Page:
The 82-Hour Work Week

January 24, 1994

Keeping roads passable is a basic public service, and the Carroll County and state road crews did a remarkable job of fulfilling that responsibility last week. Considering the horrendous weather conditions with which they had to cope, the crews were able to clear the worst of the snow and ice from virtually all of the county's major thoroughfares.

But clear roads come at a cost, in human and monetary terms. County road crews put in an extraordinary amount of time to plow the 910 miles of county roads for which they are responsible. They worked 36 hours straight from 5 a.m. Monday through Tuesday afternoon. They resumed plowing and salting Wednesday at 5 a.m. and continued for another 16 hours. On Thursday, they worked a mere eight hours and on Friday put in a 12-hour shift. The week finished off with a 10-hour shift on Saturday. All told, the road crews worked an 82-hour week in order to clear the roads for the rest of us.

All the overtime pay has busted the county's snow removal budget, but there should not be any severe repercussions on other public services. Even though the county has spent at least $250,000 more than its budgeted $500,000 for snow removal, reserves have been set aside. In fact, county budget officials say their built-in cushion could absorb snow removal costs totalling twice the budgeted amount.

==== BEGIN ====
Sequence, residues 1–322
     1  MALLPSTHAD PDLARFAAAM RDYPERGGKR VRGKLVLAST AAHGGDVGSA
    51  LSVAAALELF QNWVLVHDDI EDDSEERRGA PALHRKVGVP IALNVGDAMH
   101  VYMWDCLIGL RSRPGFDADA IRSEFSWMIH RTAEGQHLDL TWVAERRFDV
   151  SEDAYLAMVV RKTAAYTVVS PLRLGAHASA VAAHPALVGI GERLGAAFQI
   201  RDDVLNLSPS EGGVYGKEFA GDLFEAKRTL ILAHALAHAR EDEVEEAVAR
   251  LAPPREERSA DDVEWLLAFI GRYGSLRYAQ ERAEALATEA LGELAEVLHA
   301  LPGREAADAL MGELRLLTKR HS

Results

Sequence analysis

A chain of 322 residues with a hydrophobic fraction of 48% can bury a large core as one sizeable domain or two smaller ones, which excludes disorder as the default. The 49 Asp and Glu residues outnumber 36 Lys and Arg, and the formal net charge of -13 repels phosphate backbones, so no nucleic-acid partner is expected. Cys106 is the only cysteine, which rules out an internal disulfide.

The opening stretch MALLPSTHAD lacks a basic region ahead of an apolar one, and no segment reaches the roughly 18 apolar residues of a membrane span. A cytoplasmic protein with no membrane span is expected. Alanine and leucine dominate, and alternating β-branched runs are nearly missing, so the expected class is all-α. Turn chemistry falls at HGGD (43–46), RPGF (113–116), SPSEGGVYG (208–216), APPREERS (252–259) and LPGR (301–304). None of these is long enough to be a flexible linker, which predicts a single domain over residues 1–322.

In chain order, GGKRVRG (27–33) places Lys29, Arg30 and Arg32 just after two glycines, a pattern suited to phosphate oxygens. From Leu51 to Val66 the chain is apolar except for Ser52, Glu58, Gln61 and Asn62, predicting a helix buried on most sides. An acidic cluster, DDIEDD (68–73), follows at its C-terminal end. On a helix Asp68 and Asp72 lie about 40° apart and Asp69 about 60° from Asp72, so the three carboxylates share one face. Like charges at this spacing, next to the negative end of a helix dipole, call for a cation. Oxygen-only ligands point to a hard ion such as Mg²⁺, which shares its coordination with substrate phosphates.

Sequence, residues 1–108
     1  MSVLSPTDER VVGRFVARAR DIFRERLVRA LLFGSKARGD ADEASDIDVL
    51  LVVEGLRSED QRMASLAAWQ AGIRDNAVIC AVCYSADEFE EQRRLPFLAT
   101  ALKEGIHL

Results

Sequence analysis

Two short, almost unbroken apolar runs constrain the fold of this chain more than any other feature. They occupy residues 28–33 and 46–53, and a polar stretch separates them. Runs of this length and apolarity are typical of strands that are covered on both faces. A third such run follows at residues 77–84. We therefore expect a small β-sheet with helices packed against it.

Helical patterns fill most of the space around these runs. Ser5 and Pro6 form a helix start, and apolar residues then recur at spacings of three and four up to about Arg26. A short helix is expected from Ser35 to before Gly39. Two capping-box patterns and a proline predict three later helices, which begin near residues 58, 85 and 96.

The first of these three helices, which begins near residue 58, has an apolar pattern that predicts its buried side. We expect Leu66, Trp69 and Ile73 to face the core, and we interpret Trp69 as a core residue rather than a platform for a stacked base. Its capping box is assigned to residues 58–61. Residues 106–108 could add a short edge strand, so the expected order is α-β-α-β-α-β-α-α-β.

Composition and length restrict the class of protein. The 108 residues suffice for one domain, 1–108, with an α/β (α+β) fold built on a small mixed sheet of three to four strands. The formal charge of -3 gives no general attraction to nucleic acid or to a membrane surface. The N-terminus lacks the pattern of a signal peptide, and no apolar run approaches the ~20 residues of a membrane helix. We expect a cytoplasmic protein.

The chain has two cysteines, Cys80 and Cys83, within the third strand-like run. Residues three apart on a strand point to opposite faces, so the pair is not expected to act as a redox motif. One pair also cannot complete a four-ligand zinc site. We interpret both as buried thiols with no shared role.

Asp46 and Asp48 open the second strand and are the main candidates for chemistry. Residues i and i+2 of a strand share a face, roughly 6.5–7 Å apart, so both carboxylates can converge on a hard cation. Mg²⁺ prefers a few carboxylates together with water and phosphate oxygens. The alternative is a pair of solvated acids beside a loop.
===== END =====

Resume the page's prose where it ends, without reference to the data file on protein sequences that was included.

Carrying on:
Not all of the snow removal budget goes toward salaries. The county has bought or is obligated to buy $460,000 worth of salt this year. Under optimum circumstances, not all this salt will be used this year and some can be stored for next winter.

Carroll's preparation for the adverse weather and the dedication of its crews to clear the roads seemed in stark contrast to neighboring counties in Pennsylvania. Most major roads there are still covered with hard-packed ice; some remained impassable into the weekend. Pennsylvanians may have lower taxes than Maryland residents, but they have been paying the price this month. Large numbers of them have been unable to get to work because of unplowed and unsalted roads.

The contrast between Carroll County and Adams and York counties in Pennsylvania is a good illustration of the adage: "You get what you pay for."

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